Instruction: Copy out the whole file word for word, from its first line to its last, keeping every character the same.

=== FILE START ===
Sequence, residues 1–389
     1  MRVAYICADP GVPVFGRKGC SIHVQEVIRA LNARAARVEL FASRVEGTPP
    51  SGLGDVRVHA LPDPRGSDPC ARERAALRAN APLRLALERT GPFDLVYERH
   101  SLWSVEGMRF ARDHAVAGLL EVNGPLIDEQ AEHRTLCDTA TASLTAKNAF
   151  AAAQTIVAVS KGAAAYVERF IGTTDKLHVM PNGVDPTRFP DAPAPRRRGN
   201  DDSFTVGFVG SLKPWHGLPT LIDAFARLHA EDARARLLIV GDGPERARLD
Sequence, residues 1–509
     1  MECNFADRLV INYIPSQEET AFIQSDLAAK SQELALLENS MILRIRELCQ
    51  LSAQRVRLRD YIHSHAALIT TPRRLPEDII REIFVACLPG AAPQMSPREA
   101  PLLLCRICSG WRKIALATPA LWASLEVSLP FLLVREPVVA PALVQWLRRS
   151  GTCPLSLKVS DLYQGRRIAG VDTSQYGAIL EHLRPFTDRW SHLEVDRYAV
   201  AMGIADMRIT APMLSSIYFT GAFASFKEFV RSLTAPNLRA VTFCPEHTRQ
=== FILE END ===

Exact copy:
Sequence, residues 1–389
     1  MRVAYICADP GVPVFGRKGC SIHVQEVIRA LNARAARVEL FASRVEGTPP
    51  SGLGDVRVHA LPDPRGSDPC ARERAALRAN APLRLALERT GPFDLVYERH
   101  SLWSVEGMRF ARDHAVAGLL EVNGPLIDEQ AEHRTLCDTA TASLTAKNAF
   151  AAAQTIVAVS KGAAAYVERF IGTTDKLHVM PNGVDPTRFP DAPAPRRRGN
   201  DDSFTVGFVG SLKPWHGLPT LIDAFARLHA EDARARLLIV GDGPERARLD
Sequence, residues 1–509
     1  MECNFADRLV INYIPSQEET AFIQSDLAAK SQELALLENS MILRIRELCQ
    51  LSAQRVRLRD YIHSHAALIT TPRRLPEDII REIFVACLPG AAPQMSPREA
   101  PLLLCRICSG WRKIALATPA LWASLEVSLP FLLVREPVVA PALVQWLRRS
   151  GTCPLSLKVS DLYQGRRIAG VDTSQYGAIL EHLRPFTDRW SHLEVDRYAV
   201  AMGIADMRIT APMLSSIYFT GAFASFKEFV RSLTAPNLRA VTFCPEHTRQ